China’s textile industry is suffering under the country’s new anti-trust laws, which could force the industry to shut down, according to a new report.
The country’s textile trade is valued at nearly $8.5 trillion, and the country has been grappling with a string of new anti, anti-local, anti‑foreign and anti-government regulations since January.
In March, the China Association of International Textile Trade (CAIT) said that textile tariffs were “stifling the domestic industry”, and that it had received hundreds of complaints from domestic manufacturers.
CAIT has since launched a campaign, called “Textile Suppression”, to urge the Chinese government to remove restrictions that would restrict textile production.
The report comes as the government moves to regulate the textile industry.
On Tuesday, China’s Ministry of Industry and Information Technology announced that it would regulate the industry under a “regulatory plan” published on the government website.
The plan “will promote the efficient use of materials, including the use of more efficient technologies and reduce environmental and social damage”, the ministry said.
The textile industry, which employs about 5 million people in China, is in the middle of a national strike to protest the government’s decision to limit the production of polyester, cotton and cotton fibre.
The strikes have become so frequent that some of China’s largest brands, including LG, Huawei and ZTE, have stopped production of their products in China and have begun using foreign raw materials instead.
In the report, CAIT said that China’s factories were “in the process of being shut down”, which could affect the industry as a whole.
“We estimate that the textile sector has been stifled for years and has seen a significant decline in production,” the report said.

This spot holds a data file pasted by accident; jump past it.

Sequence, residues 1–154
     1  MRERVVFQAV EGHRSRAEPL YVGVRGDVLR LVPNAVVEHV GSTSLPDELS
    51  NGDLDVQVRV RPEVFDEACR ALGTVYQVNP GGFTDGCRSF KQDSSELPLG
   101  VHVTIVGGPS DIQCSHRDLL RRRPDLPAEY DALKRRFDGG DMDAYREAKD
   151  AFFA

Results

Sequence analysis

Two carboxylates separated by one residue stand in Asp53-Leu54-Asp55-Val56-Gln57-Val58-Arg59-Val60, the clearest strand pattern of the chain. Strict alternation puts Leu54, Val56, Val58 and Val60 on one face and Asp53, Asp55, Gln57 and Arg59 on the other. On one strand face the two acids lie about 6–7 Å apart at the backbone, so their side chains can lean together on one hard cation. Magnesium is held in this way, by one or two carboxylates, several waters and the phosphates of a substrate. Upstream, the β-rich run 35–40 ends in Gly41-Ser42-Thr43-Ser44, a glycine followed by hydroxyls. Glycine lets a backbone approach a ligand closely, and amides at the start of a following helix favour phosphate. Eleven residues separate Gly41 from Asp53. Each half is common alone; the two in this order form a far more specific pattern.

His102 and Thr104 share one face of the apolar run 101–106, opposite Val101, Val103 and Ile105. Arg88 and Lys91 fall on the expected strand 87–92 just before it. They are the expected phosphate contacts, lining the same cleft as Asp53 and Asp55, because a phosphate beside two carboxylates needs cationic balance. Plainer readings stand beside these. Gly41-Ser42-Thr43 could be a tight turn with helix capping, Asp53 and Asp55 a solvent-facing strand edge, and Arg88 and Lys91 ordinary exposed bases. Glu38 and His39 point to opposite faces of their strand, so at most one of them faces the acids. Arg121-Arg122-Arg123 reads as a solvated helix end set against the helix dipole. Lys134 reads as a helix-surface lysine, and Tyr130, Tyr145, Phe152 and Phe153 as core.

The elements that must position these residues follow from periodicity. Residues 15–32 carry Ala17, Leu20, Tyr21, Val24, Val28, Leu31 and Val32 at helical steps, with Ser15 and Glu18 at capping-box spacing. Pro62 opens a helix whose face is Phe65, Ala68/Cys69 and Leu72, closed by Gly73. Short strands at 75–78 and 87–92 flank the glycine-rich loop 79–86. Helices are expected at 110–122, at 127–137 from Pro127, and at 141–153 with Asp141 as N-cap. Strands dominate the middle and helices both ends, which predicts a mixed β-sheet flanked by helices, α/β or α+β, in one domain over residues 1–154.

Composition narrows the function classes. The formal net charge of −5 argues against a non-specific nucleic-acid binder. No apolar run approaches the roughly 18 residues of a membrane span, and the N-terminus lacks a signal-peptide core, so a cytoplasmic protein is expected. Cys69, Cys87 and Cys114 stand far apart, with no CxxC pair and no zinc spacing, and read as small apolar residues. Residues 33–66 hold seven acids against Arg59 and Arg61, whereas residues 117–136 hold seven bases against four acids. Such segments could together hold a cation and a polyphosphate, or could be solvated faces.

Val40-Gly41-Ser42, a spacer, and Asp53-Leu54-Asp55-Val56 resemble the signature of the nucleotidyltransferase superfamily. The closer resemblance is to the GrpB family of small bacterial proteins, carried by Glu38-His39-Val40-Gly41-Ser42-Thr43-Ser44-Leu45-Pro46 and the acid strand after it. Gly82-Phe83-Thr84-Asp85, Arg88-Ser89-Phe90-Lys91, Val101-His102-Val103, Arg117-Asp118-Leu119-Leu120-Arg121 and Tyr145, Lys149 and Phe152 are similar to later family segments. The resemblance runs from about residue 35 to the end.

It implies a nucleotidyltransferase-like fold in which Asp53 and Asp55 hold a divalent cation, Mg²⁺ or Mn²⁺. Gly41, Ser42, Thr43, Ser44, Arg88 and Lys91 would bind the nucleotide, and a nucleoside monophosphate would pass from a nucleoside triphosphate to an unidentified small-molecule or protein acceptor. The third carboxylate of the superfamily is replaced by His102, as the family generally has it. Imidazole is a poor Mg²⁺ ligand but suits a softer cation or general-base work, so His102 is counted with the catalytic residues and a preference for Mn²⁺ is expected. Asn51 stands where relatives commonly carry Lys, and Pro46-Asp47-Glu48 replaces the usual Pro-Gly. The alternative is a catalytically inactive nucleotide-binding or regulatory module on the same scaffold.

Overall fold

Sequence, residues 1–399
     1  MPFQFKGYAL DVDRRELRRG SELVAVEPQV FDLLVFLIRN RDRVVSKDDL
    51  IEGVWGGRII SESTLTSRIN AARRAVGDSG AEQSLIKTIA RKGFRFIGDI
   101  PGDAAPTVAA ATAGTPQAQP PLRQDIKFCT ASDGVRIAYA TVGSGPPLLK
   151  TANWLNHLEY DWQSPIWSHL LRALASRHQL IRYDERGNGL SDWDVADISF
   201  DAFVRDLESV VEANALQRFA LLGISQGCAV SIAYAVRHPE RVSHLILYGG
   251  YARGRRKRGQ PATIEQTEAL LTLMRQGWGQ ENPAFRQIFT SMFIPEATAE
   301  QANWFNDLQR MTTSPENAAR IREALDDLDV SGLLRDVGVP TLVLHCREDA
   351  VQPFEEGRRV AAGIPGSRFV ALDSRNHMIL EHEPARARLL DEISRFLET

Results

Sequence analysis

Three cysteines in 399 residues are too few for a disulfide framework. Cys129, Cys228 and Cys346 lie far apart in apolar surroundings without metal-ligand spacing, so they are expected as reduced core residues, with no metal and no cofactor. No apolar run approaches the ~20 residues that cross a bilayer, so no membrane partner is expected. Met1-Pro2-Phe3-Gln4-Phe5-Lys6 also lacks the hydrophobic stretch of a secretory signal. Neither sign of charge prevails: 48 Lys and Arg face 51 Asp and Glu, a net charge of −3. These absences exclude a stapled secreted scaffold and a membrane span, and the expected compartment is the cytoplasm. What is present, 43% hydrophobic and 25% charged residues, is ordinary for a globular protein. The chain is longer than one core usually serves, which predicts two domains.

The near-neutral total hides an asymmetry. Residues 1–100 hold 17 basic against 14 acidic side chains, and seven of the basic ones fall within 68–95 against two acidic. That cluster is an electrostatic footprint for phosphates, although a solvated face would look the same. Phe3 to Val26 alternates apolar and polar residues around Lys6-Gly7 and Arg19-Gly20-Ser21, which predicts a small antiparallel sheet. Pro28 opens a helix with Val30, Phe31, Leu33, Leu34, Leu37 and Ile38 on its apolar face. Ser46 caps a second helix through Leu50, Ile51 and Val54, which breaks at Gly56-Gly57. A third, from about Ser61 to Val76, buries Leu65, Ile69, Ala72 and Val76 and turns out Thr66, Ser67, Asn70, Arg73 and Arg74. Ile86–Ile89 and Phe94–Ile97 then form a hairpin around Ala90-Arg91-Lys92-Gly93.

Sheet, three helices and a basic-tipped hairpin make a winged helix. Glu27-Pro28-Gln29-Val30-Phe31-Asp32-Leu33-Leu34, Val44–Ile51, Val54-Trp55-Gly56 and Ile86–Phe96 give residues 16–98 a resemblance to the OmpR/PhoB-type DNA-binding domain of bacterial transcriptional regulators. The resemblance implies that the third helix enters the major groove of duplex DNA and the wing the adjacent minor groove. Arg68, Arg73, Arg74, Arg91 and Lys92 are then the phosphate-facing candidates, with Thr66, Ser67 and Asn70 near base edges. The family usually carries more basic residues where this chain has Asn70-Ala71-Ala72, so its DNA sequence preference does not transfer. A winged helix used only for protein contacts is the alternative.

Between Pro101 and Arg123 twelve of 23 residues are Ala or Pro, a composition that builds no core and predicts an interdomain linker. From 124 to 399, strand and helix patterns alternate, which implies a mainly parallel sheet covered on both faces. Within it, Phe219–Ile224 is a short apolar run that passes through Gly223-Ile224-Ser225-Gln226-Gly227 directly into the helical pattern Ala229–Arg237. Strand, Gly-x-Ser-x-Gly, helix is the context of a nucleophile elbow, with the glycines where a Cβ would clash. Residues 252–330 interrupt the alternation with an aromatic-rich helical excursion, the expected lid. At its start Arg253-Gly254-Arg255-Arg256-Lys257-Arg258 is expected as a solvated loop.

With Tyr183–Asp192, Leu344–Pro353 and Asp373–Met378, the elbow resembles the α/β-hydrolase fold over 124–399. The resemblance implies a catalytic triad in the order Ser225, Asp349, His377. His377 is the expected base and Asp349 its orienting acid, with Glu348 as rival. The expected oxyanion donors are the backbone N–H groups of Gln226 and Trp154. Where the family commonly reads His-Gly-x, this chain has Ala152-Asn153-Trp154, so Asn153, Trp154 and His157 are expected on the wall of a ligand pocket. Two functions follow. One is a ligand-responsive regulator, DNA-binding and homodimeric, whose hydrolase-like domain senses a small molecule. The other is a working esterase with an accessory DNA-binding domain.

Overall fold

“In the past five years, production of textiles has fallen by almost a third and, as a result, the country is facing a serious problem in reducing production, which is very expensive.”
The textile sector is the second largest manufacturing sector in China after auto manufacturing.
China is the world’s biggest textile exporter.
According to CAIT, the textile industries are “stifled” by the anti-foreign and trade barriers introduced by the new anti‑monopoly laws, as well as by a “growing number of regulations that have become redundant” and “have led to a number of factory closures, layoffs and industrial closures”.
“There is a growing risk of serious disruptions in the supply chain, and these are also likely to worsen as new regulations are introduced,” CAIT added.
The government is also facing pressure from its business allies to crack down on the countrys manufacturing sector, as they are facing a $3.3 trillion deficit in the first three months of the year.
The deficit will rise to a $4.3 billion shortfall in the final three months, according the latest IMF report.
In response to the report on Tuesday, LG said that the company “remains committed to continue manufacturing and distributing high-quality products to China and will not halt our efforts to achieve the highest standards of quality in the world”.
Huawei, which has been the top-selling smartphone brand in China for the past six years, has also been vocal in its criticism of the governments new anti‐monopoly regulations.
The company has also warned that it is considering its options in the coming months, as it continues to produce its smartphones in China.